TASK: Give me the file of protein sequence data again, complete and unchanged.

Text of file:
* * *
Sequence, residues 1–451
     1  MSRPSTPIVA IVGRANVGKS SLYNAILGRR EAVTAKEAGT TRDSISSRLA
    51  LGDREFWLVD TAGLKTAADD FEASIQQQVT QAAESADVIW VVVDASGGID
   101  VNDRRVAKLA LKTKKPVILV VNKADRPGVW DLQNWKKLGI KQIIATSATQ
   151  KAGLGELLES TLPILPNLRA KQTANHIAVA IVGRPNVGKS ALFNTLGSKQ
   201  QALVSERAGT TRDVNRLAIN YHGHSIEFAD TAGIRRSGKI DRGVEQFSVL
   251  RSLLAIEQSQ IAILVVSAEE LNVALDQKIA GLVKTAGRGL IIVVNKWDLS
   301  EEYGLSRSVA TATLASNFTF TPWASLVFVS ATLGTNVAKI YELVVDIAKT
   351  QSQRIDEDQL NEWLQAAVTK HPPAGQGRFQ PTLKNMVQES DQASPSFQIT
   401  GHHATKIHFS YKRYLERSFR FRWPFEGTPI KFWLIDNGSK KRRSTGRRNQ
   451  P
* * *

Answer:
Sequence, residues 1–451
     1  MSRPSTPIVA IVGRANVGKS SLYNAILGRR EAVTAKEAGT TRDSISSRLA
    51  LGDREFWLVD TAGLKTAADD FEASIQQQVT QAAESADVIW VVVDASGGID
   101  VNDRRVAKLA LKTKKPVILV VNKADRPGVW DLQNWKKLGI KQIIATSATQ
   151  KAGLGELLES TLPILPNLRA KQTANHIAVA IVGRPNVGKS ALFNTLGSKQ
   201  QALVSERAGT TRDVNRLAIN YHGHSIEFAD TAGIRRSGKI DRGVEQFSVL
   251  RSLLAIEQSQ IAILVVSAEE LNVALDQKIA GLVKTAGRGL IIVVNKWDLS
   301  EEYGLSRSVA TATLASNFTF TPWASLVFVS ATLGTNVAKI YELVVDIAKT
   351  QSQRIDEDQL NEWLQAAVTK HPPAGQGRFQ PTLKNMVQES DQASPSFQIT
   401  GHHATKIHFS YKRYLERSFR FRWPFEGTPI KFWLIDNGSK KRRSTGRRNQ
   451  P